NEW YORK (CBSNewYork) — New York City leaders issued a plea Wednesday about a threat to safety and security funding for the city.

As CBS2 Political Reporter Marcia Kramer reported, lawmakers and police said anti-terror programs will stop unless Congress passes legislation allowing for more money to prevent terrorist attacks.

An anti-terror preparedness drill three months ago started with the sound of fake bullets, as the NYPD, the Department of Homeland Security, the Office of Emergency Management, and the FDNY prepared to cope with the unthinkable.

“We replicated things that occurred in San Bernardino; in the Bataclan in Paris, France; and in Australia, to name a few,” NYPD Counterterrorism Chief James Waters said of the exercise in May.

But sources told CBS2 that drills like that one ago would cease to happen, and other terror fighting programs would grind to a halt, unless Congress passes an urban area security bill that includes $180 million for New York City.

Approximately $180 million in anti-terrorism funds are being held up by congressional gridlock, Mayor Bill de Blasio said.

“If Congress doesn’t act, there are going to be a lot of happy terrorists out in the world because they’re going to have a chance to come at us with less of our defenses up,” de Blasio said.

Bratton blames the funding gridlock in part on President Barack Obama, whose budget office earlier this year proposed cutting the city’s terrorism funding in half.

“Get the president to do the right thing since he started this whole mess, he and OMB [Office of Management and Budget], they were cut,” said Bratton.

Police officials were coy about just what programs would be cut – after all, they do not want to give our enemies a blueprint of potential weaknesses. But in the past, federal funds have been used for a wide array of counterterrorism assets – from specially armed and trained officers, dogs that sniff out explosives, and a huge nerve center that traces suspicious activity.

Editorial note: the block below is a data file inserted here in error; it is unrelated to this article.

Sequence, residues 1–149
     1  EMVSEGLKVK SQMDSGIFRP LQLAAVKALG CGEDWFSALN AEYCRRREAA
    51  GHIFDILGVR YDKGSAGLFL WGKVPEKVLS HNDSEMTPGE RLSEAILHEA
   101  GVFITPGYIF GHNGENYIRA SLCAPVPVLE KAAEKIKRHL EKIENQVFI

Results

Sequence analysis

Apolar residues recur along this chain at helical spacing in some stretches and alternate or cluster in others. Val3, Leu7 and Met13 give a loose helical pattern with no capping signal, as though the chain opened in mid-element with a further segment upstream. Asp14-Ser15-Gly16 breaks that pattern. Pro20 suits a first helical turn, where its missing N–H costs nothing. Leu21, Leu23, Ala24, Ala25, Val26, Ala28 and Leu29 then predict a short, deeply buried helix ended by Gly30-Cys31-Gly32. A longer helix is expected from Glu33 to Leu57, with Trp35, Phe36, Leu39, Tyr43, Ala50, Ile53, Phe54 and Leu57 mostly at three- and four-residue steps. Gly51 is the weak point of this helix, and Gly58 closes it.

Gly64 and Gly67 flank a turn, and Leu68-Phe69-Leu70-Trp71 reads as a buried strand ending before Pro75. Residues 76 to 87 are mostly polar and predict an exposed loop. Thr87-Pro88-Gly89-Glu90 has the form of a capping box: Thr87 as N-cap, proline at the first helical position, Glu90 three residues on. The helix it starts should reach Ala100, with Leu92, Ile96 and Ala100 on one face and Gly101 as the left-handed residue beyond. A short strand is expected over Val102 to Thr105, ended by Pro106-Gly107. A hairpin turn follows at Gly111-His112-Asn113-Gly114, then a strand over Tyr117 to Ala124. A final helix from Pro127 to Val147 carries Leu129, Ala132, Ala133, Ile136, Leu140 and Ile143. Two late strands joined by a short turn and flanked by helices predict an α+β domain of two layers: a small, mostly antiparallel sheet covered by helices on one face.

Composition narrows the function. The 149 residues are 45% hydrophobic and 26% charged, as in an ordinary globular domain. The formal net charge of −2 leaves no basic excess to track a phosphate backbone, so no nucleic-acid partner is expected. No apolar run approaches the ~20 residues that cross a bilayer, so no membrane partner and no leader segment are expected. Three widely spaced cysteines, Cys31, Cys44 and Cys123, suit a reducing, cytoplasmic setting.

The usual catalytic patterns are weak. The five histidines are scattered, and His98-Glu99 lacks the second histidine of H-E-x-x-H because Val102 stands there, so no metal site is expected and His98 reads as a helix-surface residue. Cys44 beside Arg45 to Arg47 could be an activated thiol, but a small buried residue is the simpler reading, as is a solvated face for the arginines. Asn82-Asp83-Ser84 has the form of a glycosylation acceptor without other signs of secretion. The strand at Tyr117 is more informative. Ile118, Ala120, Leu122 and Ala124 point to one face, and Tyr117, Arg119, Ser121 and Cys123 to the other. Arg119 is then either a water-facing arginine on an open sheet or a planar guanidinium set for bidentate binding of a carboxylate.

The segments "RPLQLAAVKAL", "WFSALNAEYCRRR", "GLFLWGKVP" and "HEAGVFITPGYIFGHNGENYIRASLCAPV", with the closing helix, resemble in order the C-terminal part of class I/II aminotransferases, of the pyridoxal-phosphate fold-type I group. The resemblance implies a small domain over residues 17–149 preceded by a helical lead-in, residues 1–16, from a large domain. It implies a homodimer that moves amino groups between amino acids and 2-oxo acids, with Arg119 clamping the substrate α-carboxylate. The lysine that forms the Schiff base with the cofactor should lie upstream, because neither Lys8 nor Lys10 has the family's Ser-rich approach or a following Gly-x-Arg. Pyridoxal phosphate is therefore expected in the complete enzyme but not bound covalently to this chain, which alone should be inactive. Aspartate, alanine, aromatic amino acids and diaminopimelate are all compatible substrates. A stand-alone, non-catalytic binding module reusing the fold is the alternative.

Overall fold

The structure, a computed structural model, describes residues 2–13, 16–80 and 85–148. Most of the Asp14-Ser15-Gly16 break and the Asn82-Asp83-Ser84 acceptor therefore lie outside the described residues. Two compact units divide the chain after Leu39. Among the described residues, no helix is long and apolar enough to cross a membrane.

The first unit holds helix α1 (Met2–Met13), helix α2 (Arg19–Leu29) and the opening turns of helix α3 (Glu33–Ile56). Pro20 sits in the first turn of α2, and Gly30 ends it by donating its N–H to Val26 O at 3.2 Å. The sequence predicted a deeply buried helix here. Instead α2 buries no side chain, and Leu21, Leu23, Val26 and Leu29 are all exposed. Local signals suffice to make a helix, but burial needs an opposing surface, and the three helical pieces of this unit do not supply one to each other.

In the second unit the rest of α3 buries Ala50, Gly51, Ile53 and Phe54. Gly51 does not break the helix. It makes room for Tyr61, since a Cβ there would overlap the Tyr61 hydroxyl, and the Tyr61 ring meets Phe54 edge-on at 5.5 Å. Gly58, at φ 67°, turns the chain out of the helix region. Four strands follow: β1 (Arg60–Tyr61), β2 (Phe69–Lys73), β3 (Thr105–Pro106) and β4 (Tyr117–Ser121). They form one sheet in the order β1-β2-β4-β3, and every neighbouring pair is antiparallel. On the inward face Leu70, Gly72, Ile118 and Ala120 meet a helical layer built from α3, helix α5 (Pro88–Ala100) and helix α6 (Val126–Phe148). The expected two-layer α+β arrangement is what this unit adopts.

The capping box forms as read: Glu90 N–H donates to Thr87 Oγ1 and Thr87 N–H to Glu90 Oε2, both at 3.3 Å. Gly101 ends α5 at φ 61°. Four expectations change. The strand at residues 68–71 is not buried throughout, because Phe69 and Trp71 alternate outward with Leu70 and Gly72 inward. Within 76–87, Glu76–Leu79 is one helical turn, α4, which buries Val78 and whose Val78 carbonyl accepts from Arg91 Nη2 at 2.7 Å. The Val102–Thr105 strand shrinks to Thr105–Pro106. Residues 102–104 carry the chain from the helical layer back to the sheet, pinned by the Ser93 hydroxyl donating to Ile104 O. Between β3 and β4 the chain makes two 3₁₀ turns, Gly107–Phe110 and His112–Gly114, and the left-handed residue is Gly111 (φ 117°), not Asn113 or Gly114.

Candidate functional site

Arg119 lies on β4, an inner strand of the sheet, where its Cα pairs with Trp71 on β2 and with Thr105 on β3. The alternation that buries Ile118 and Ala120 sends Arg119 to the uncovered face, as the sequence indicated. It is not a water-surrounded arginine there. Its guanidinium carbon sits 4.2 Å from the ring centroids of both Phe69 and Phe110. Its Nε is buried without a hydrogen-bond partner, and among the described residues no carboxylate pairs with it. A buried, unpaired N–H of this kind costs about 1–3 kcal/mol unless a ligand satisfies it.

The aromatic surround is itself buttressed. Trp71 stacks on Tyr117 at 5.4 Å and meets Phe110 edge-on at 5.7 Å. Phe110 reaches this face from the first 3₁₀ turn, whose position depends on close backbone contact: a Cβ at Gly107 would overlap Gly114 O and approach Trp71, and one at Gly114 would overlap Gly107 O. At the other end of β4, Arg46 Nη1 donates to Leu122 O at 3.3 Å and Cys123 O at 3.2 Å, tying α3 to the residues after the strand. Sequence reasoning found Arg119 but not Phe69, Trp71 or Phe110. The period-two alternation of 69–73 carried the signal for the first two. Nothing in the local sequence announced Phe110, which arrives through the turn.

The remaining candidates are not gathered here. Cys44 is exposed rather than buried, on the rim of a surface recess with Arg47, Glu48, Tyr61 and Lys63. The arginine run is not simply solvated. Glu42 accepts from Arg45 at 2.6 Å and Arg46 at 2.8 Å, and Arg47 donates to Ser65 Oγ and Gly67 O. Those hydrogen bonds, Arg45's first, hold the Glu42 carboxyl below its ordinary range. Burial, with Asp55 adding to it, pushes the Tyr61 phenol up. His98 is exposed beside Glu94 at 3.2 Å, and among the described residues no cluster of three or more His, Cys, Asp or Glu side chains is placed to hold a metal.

Frustrated area congressmen said anti-New York bias accounts for some of the foot-dragging in Washington.

“I’ve heard on some members-only elevators: ‘Why should we keep giving you guys money for homeland security?’” said Long Island U.S. Rep. Steve Israel (D-N.Y.) “‘It doesn’t help my constituency,’ they say.”

“The idea that they will not vote on this issue; the idea that we’re spending all this time – how many conferences have I had with you, the media – talking about this issue; that we have to spend so much time urging that they do something – it’s frustrating,” Bratton added.

De Blasio said fighting terrorism should be an issue of absolute consensus.

“If ever there was a bipartisan issue this should be it,” he said.

Congress comes back to Washington on Sept. 6. The big question is whether they stay long enough to pass the bill.

The deadline for passing the bill is Oct. 1.

Officials said it is not just the safety of 8.5 million New Yorkers that is at risk, but also the Big Apple’s 60 million tourists from all over the globe.